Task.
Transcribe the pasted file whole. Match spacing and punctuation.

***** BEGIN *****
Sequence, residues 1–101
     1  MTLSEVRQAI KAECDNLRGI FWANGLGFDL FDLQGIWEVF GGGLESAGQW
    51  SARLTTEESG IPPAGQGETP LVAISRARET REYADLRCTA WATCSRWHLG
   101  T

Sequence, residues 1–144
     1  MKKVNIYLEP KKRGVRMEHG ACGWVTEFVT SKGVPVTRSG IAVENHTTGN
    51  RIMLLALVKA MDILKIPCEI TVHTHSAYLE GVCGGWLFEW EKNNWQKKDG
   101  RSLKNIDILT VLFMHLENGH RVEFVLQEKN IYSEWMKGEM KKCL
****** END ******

Sequence, residues 1–101
     1  MTLSEVRQAI KAECDNLRGI FWANGLGFDL FDLQGIWEVF GGGLESAGQW
    51  SARLTTEESG IPPAGQGETP LVAISRARET REYADLRCTA WATCSRWHLG
   101  T

Sequence, residues 1–144
     1  MKKVNIYLEP KKRGVRMEHG ACGWVTEFVT SKGVPVTRSG IAVENHTTGN
    51  RIMLLALVKA MDILKIPCEI TVHTHSAYLE GVCGGWLFEW EKNNWQKKDG
   101  RSLKNIDILT VLFMHLENGH RVEFVLQEKN IYSEWMKGEM KKCL